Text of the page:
• 6. Subversion issues• Long lived branching causing Merging hell• <3 month release cycles painful• Fear of breaking the build • delayed commits lead to more merging hell
    • 7. Enhancing the Atlassian development cycle with DVCS
    • 8. Atlassian DVCS recipe
    • 9. Atlassian DVCS recipe Practices
    • 10. Learn the new workflow
    • 11. Incremental change • Try on small projects • Create test environment for tools • Start with git svn
    • 12. Bringing our history with us
    • 13. Bringing our history with us
    • 14. Modularise your repos Break big Subversion projects into smaller DVCS repos Ensure a modular design for your application
    • 15. Distributed CodeRepositories
    • 16. Managing distributedprojects
    • 17. Social coding = cross-team collaboration
    • 18. Social coding = cross-team collaboration
    • 19. Social coding = cross-team collaboration
    • 20. CodewithoutLimitations• Fork & Clone• Repositories are cheap, dont be afraid to mess up
    • 21. Commit Early,Commit Often
    • 22. Sharing DVCS experiences Specialised teams Build team Deployment User Experience (UX) Operations
    • 23. Sharing DVCS experiences Specialised teams Build team Deployment User Experience (UX) Operations
    • 24. Continuous Deployment verses(Large) Feature Branching
    • 25. Confluence team moving to DVCS•2 week iterations•Continuous deployment•http://blogs.atlassian.com/2012/01/ moving-confluence-from-subversion-to- git/
    • 26. Git Integration with the build pipeline
    • 27. Link commits to JIRA issues
    • 28. Link commits to JIRA issues
    • 29. Not just the command line
    • 30. Not just the command line
    • 31. Not just the command line The command line is like Marmite...
    • 32. Git and Mercurial Mac Client
    • 33. Git and Mercurial Mac Client
    • 34. View File History
    • 35. Viewing Changes
    • 36. Visualising code
    • 37. Enterprise Git repository managementManage your internalrepositories•browse recent commits•inspect change history•explore change sets & annotated codeSource code accessible by releasemanagers, testers & other teammembers
    • 38. Source code disinfectant
    • 39. Source code disinfectant
    • 40. Continuous Integration andrelease management• Run same builds against subversion and git• Continuous Validation• Separate repos for integration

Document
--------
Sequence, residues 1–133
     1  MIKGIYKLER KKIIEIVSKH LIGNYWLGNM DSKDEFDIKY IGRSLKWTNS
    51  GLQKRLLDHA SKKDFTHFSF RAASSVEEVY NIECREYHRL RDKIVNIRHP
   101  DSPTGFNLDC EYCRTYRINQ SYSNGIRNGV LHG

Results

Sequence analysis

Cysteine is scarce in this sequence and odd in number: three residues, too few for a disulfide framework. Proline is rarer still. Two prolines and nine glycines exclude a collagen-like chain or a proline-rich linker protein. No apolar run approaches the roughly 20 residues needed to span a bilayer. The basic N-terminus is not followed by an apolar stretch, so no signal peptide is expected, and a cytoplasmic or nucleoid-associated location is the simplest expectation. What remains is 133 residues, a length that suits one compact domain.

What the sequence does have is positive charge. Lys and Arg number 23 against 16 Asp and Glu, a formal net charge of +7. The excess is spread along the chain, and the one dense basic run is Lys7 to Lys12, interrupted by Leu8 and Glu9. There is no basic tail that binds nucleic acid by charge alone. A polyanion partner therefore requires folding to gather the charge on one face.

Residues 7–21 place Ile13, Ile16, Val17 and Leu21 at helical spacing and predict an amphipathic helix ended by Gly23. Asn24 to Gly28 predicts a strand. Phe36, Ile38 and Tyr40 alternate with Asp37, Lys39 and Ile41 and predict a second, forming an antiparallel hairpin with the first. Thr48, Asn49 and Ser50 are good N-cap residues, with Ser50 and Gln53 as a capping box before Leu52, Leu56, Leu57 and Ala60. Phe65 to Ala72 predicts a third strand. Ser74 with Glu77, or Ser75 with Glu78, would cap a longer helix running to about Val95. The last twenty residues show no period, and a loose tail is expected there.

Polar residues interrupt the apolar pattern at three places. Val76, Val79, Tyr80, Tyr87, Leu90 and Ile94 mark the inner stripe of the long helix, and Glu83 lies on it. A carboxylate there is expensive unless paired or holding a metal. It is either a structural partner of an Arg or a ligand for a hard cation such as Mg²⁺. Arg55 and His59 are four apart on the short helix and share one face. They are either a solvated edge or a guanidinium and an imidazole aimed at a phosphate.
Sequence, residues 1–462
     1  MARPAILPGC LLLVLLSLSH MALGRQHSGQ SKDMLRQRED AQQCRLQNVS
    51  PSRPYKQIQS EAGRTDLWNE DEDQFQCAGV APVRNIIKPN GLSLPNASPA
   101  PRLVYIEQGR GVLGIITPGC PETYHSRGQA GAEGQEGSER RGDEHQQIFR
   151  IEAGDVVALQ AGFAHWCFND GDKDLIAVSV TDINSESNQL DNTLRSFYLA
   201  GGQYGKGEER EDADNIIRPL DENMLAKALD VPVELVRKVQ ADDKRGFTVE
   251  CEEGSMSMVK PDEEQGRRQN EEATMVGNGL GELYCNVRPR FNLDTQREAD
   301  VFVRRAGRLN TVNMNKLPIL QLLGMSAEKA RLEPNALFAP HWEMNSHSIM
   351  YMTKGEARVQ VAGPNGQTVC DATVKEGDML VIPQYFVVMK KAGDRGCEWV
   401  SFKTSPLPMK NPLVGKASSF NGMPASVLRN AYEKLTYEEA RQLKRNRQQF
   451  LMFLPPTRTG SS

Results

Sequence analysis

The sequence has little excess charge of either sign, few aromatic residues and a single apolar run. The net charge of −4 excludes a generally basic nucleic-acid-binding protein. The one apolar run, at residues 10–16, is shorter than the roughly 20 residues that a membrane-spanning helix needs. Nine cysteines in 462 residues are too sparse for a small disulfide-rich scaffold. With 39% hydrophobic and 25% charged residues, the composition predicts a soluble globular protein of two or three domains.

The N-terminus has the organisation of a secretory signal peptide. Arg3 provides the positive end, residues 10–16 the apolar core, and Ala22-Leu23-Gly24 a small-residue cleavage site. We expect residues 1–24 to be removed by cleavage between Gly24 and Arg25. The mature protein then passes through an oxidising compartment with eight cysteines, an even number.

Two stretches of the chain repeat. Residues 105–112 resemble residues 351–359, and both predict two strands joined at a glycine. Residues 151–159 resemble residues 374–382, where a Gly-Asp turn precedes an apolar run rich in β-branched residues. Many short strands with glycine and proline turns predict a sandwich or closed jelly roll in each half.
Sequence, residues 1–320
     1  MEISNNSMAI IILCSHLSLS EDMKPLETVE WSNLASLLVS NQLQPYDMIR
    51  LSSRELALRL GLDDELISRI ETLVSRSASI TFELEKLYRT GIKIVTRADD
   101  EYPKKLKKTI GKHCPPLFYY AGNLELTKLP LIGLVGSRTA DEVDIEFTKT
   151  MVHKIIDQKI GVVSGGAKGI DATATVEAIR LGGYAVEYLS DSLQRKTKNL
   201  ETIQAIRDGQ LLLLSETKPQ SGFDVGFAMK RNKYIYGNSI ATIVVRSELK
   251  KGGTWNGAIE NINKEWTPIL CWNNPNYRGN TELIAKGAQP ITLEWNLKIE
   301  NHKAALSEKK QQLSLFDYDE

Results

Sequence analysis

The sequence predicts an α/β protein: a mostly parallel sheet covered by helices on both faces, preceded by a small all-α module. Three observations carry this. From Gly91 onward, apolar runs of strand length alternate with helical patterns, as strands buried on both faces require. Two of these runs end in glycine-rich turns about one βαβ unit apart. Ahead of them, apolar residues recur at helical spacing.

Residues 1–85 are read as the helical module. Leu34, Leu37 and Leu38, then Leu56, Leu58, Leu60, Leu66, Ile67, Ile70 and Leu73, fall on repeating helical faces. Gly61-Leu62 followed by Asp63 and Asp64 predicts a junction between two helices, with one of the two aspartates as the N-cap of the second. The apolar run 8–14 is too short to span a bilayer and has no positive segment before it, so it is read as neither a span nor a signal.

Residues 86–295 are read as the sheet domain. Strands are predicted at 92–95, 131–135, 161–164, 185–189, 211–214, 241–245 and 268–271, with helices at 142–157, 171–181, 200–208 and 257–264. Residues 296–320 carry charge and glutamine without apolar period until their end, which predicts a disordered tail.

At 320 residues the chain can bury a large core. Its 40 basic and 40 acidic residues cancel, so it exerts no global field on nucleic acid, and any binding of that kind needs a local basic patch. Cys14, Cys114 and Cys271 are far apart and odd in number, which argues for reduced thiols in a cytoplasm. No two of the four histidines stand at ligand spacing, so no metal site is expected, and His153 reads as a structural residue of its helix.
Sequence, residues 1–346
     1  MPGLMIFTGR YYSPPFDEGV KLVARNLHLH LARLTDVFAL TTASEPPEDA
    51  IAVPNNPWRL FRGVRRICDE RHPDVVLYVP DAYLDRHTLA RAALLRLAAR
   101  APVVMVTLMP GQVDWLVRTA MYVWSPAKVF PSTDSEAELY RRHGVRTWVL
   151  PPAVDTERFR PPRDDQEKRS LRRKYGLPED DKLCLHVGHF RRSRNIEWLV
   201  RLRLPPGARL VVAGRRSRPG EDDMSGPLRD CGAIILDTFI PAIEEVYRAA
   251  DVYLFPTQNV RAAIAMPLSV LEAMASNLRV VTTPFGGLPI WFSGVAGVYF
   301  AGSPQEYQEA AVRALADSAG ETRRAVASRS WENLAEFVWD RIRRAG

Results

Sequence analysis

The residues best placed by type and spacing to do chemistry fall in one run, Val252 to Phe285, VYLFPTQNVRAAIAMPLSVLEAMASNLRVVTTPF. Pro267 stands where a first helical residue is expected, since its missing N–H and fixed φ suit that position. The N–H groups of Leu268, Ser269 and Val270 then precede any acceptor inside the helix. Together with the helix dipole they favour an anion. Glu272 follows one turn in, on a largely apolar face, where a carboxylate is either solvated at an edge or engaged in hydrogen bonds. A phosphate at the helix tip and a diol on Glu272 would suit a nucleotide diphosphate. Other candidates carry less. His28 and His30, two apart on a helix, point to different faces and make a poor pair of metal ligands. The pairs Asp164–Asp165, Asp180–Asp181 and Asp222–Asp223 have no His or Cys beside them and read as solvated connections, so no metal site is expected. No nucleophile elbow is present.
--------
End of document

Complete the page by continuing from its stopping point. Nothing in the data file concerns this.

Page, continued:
• 41. Continuous Integration andrelease management• Run same builds against subversion and git• Continuous Validation• Separate repos for integration
    • 42. Separate Repo for BuildingCollaboration History of changes Multiple copies
    • 43. Separate Repo for BuildingCollaboration History of changes Multiple copies
    • 44. Continuous Integration Stages The "Gatekeeper" • Merges changes from your branch into the main line and builds the result.  • Successful code is committed and pushedAutomated branch detection The "Build Updater"Branch Plans automatically inherit • Merges the main line into themaster plan config changes branch, and builds the combined code.  • Successful code is committed & pushed to branch, ensuring longer-living branches dont stray far from trunk.
    • 45. Branching and auto-merging The "Gatekeeper" • Merges changes from your branch into the main line and builds the result. Automated branch detection • Successful code is committed and pushedBranch Plans automatically inheritmaster plan config changes The "Build Updater" • Merges the main line into the branch, and builds the combined code.  • Successful code is committed & pushed to branch, ensuring longer-living branches dont stray far from trunk.
    • 46. Atlassian DVCS
    • 47. Atlassian DVCS Benefits
    • 48. Benefit: Developer Speed• Common approach, running faster• Fast tools = happy developers• Complete history at hand
    • 49. Benefit: Developer Speed• Common approach, running faster• Fast tools = happy developers• Complete history at hand
    • 50. Benefit: Fast Feedback• More lessons learnt• Issues resolved more timely• Less risk and impact to a project• More in tune with customers
    • 51. Benefit: Fast Feedback• More lessons learnt• Issues resolved more timely• Less risk and impact to a project• More in tune with customers
    • 52. Shaping the future of DVCS
    • 53. Thank youblogs.atlassian.comsourcetreeapp.com blog.jr0cket.co.uk @jr0cket